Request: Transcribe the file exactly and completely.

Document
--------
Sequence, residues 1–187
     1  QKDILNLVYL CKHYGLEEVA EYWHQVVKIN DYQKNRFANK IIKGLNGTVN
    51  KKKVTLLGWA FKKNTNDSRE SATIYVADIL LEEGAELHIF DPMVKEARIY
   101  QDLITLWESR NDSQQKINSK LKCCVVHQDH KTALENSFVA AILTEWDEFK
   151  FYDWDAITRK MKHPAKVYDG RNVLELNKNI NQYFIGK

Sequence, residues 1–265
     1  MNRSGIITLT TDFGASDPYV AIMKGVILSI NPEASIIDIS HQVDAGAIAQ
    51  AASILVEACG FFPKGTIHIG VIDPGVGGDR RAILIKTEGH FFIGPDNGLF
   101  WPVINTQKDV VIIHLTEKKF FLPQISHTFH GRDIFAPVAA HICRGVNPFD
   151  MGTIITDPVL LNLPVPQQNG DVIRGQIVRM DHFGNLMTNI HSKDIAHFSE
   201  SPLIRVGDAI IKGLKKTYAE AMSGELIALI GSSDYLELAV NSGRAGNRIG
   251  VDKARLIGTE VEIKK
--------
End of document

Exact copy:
Sequence, residues 1–187
     1  QKDILNLVYL CKHYGLEEVA EYWHQVVKIN DYQKNRFANK IIKGLNGTVN
    51  KKKVTLLGWA FKKNTNDSRE SATIYVADIL LEEGAELHIF DPMVKEARIY
   101  QDLITLWESR NDSQQKINSK LKCCVVHQDH KTALENSFVA AILTEWDEFK
   151  FYDWDAITRK MKHPAKVYDG RNVLELNKNI NQYFIGK

Sequence, residues 1–265
     1  MNRSGIITLT TDFGASDPYV AIMKGVILSI NPEASIIDIS HQVDAGAIAQ
    51  AASILVEACG FFPKGTIHIG VIDPGVGGDR RAILIKTEGH FFIGPDNGLF
   101  WPVINTQKDV VIIHLTEKKF FLPQISHTFH GRDIFAPVAA HICRGVNPFD
   151  MGTIITDPVL LNLPVPQQNG DVIRGQIVRM DHFGNLMTNI HSKDIAHFSE
   201  SPLIRVGDAI IKGLKKTYAE AMSGELIALI GSSDYLELAV NSGRAGNRIG
   251  VDKARLIGTE VEIKK